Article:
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Type: Journal article
Title: Supragingival plaque microbiome ecology and functional potential in the context of health and disease
Author: Espinoza, J.
Harkins, D.
Torralba, M.
Gomez, A.
Highlander, S.
Jones, M.
Leong, P.
Saffery, R.
Bockmann, M.
Kuelbs, C.
Inman, J.
Hughes, T.
Craig, J.
Nelson, K.
Dupont, C.
Citation: mBio, 2018; 9(6):1-21
Publisher: American Society for Microbiology
Issue Date: 2018
ISSN: 2150-7511
Statement of
Josh L. Espinoza, Derek M. Harkins, Manolito Torralba, Andres Gomez, Sarah K. Highlander, Marcus B. Jones, Pamela Leong, Richard Saffery, Michelle Bockmann, Claire Kuelbs, Jason M. Inman, Toby Hughes, Jeffrey M. Craig, Karen E. Nelson, Chris L. Dupont
Abstract: To address the question of how microbial diversity and function in the oral cavities of children relates to caries diagnosis, we surveyed the supragingival plaque biofilm microbiome in 44 juvenile twin pairs. Using shotgun sequencing, we constructed a genome encyclopedia describing the core supragingival plaque microbiome. Caries phenotypes contained statistically significant enrichments in specific genome abundances and distinct community composition profiles, including strain-level changes. Metabolic pathways that are statistically associated with caries include several sugar-associated phosphotransferase systems, antimicrobial resistance, and metal transport. Numerous closely related previously uncharacterized microbes had substantial variation in central metabolism, including the loss of biosynthetic pathways resulting in auxotrophy, changing the ecological role. We also describe the first complete Gracilibacteria genomes from the human microbiome. Caries is a microbial community metabolic disorder that cannot be described by a single etiology, and our results provide the information needed for next-generation diagnostic tools and therapeutics for caries.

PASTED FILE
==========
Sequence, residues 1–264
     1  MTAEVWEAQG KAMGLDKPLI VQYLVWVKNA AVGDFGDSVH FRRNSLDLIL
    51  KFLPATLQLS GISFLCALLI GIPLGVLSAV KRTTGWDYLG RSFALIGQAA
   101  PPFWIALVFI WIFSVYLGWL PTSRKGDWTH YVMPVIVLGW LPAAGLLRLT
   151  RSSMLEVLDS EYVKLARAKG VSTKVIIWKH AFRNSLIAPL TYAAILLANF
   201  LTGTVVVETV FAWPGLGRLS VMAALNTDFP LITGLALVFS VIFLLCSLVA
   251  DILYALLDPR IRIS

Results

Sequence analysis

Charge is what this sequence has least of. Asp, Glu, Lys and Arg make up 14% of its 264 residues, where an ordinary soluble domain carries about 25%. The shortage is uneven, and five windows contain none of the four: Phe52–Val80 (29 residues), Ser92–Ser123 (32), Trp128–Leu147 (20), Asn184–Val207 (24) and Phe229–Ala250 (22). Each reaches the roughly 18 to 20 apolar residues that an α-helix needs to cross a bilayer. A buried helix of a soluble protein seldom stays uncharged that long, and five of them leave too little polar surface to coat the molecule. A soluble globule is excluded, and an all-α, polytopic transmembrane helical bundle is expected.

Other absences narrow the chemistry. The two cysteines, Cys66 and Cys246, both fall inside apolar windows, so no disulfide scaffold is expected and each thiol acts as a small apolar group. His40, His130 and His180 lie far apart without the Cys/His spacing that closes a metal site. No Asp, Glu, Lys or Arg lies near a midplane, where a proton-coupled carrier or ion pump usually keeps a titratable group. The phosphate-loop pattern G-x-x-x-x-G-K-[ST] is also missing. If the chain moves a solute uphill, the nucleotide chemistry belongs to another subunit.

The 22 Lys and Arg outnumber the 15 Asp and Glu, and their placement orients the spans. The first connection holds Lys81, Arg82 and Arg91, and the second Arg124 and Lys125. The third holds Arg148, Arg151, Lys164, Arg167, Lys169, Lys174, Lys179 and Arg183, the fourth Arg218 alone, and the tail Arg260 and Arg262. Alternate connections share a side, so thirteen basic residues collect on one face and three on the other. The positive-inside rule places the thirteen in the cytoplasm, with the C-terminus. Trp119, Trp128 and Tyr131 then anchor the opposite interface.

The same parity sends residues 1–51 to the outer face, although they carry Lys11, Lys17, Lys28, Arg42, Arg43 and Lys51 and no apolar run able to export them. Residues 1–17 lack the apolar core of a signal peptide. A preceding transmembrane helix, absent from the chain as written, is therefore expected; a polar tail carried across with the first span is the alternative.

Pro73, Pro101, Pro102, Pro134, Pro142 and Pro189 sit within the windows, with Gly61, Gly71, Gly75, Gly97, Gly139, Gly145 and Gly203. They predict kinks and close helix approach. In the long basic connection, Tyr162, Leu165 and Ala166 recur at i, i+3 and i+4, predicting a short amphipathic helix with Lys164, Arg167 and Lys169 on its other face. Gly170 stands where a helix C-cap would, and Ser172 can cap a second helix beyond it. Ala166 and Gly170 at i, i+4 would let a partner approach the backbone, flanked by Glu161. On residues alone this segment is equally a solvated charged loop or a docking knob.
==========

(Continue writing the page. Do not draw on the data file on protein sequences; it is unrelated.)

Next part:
Keywords: Streptococcus; metabolism; metagenomics; microbial ecology; oral microbiology
Rights: © 2018 Espinoza et al. This is an open-access article distributed under the terms of the Creative Commons Attribution 4.0 International license.
RMID: 0030105244
DOI: 10.1128/mBio.01631-18
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Appears in Collections:Dentistry publications

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